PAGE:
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Rosetta's scientific instruments ready for close encounter with Steins

Rosetta's scientific instruments ready for close encounter with Steins

5 September 2008

As the Rosetta spacecraft closes in on asteroid Steins the science instruments are prepared for this extraordinary opportunity to study a rare, E-type asteroid. Final orbit trajectory corrections have been performed and the spacecraft is now on track for a closest approach at 20:58 CEST at a distance of 800±2 km.

Rosetta's instruments are located on one side of the spacecraft

Detailed planning for the science operations for this campaign has been performed by the team at the Rosetta Science Operations Centre (RSOC), in close collaboration with the instrument teams and with the Rosetta Mission Operations Centre (RMOC) team based at ESOC. The RSOC team collated the operations requests provided by each of 11 instruments, ensured an optimum observing programme for this unique encounter by taking account of any operational constraints or conflicts, and provided the resulting consolidated operation requests to RMOC for implementation.

Science instruments prepare for the fly-by

Since 20 August the OSIRIS camera has been making regular observations of asteroid Steins as part of the optical navigation campaign. In addition a number of dedicated observations have been performed with this camera in order to characterise the light curve of the asteroid.

Starting 1 September the remaining instruments have been switched on, one-by-one, and they are now prepared for optimum operations during the fly by.

Most of the in-situ instruments will attempt to collect material (dust, molecules, ions, etc) during the days around closest approach, while the remote sensing instruments will concentrate on observations spanning the period of a few hours around closest approach.

Characterising a rare asteroid type

The primary science goal of this fly-by campaign is to characterise Steins, a member of the rare E-type class of asteroids. Among the aspects which will be investigated are:

Summary of science campaign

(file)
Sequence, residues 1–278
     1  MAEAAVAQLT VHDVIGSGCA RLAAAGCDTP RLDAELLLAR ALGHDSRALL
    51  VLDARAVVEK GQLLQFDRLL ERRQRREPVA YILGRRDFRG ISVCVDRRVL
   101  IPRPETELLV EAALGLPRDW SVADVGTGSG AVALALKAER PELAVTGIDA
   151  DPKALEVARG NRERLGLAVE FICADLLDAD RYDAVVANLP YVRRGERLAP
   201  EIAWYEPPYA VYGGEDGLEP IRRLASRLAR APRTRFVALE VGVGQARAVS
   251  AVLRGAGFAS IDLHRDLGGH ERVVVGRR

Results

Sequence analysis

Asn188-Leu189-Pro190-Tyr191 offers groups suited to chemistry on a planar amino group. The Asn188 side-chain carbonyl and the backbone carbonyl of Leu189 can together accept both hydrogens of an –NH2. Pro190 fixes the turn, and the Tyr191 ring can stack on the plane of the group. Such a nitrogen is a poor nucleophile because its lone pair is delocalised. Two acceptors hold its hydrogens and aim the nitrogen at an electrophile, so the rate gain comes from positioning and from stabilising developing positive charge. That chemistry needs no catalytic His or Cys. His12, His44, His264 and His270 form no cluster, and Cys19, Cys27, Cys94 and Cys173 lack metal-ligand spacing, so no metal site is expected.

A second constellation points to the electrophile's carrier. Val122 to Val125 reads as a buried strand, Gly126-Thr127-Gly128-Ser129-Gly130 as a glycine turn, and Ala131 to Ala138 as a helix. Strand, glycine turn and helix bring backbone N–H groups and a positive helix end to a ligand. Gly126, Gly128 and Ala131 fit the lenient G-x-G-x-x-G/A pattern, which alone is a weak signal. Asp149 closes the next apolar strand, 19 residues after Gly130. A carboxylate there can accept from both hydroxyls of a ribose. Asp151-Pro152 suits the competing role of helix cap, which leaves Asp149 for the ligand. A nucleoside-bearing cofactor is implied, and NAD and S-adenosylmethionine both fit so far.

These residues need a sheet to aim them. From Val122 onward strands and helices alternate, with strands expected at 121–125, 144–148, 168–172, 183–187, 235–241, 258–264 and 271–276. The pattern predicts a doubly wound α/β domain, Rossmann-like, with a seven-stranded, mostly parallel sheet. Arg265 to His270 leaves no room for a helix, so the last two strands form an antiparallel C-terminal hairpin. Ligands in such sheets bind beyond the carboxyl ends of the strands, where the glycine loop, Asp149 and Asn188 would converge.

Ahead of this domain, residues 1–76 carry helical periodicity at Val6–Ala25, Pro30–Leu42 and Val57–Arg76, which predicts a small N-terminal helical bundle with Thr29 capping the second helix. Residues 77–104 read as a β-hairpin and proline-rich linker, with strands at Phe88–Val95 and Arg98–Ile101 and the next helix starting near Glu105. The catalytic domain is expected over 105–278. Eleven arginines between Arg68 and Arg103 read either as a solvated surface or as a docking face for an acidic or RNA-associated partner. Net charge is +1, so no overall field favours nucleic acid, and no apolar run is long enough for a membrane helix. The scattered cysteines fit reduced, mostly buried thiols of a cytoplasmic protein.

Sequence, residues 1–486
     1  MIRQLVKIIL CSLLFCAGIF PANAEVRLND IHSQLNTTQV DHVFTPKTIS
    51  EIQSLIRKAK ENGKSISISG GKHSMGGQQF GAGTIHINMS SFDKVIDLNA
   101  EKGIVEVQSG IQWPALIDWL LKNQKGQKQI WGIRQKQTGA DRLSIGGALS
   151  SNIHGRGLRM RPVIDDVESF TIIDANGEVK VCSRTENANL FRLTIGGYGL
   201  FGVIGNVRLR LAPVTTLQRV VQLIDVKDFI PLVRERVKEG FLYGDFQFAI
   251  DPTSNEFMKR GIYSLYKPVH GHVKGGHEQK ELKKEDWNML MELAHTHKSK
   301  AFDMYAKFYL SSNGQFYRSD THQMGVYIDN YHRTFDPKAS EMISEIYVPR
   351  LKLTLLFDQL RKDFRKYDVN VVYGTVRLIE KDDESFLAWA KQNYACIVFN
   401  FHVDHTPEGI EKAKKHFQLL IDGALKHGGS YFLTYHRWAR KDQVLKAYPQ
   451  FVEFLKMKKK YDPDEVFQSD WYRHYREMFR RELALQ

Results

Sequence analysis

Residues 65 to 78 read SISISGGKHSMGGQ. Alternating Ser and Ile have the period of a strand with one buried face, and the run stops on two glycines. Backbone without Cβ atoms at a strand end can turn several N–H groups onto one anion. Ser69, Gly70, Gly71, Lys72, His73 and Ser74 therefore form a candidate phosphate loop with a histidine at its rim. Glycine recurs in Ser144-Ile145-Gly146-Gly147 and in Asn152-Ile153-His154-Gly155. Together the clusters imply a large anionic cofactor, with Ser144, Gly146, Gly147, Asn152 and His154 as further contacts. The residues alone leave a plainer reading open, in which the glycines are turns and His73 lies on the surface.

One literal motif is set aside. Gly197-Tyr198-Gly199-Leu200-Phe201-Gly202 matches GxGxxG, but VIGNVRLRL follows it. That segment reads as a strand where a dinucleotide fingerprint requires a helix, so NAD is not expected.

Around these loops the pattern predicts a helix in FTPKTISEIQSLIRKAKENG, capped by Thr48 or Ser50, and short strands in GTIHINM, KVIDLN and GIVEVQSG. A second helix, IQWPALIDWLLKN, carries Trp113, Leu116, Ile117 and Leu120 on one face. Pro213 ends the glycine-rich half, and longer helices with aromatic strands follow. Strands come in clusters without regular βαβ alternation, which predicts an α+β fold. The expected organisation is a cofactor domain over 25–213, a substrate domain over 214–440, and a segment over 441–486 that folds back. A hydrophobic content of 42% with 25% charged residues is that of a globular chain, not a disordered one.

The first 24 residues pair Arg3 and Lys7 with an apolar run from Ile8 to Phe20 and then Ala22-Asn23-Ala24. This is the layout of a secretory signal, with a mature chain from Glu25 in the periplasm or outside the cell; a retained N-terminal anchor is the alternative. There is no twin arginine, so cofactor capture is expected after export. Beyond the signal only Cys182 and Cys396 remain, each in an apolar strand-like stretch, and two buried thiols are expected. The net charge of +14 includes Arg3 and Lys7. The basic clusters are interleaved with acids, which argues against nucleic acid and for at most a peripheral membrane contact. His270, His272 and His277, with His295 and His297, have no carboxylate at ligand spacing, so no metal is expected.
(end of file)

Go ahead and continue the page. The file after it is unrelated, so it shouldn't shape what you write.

Surface physical properties, composition and mineralogy

ALICE UV reflectance spectrum
MIRO surface properties from sub-mm brightness
OSIRIS light curve, phase angle dependence of brightness, visible mineralogy
VIRTIS light curve, visible and near-IR mineralogy

Asteroid environment

ALICE remote sensing search for an exosphere
COSIMA, GIADA, SESAME dust impacts
MIRO remote sensing search for an exosphere
ROSINA in situ detection of exospheric particles, total pressure
RPC, ROMAP plasma environment, magnetic field
OSIRIS dust through scattered sunlight, satellite search, remote sensing search for an exosphere

Mass determination

RSI upper limit

Availability of preliminary science results

Within hours of closest approach scientific data will be transmitted back to Earth through NASA's Goldstone and ESA's New Norcia ground stations. The first data to be received will be from OSIRIS and Virtis, followed by data from the other instruments. It will take approximately four weeks for all of the acquired data from all instruments to be down-linked.

Early images are expected to be available by noon on Saturday 6 September (these will be presented at a press conference - see link on right-hand menu). Preliminary science results are expected within a few weeks and some of these will be presented at the "Future Ground based Solar System Research: Synergies with Space Probes and Space Telescope" conference (8-12 September), the "European Planetary Science Congress" meeting (21-26 September), and at the "40th annual meeting of the Division for Planetary Sciences" (10-15 October).

In the longer term, once the proprietary period for data acquired during this asteroid encounter has expired, the data will be made available by the PI teams and RSOC via the ESA PSA and the NASA PDS.

Last Update: 1 September 2019
28-Oct-2021 13:17 UT

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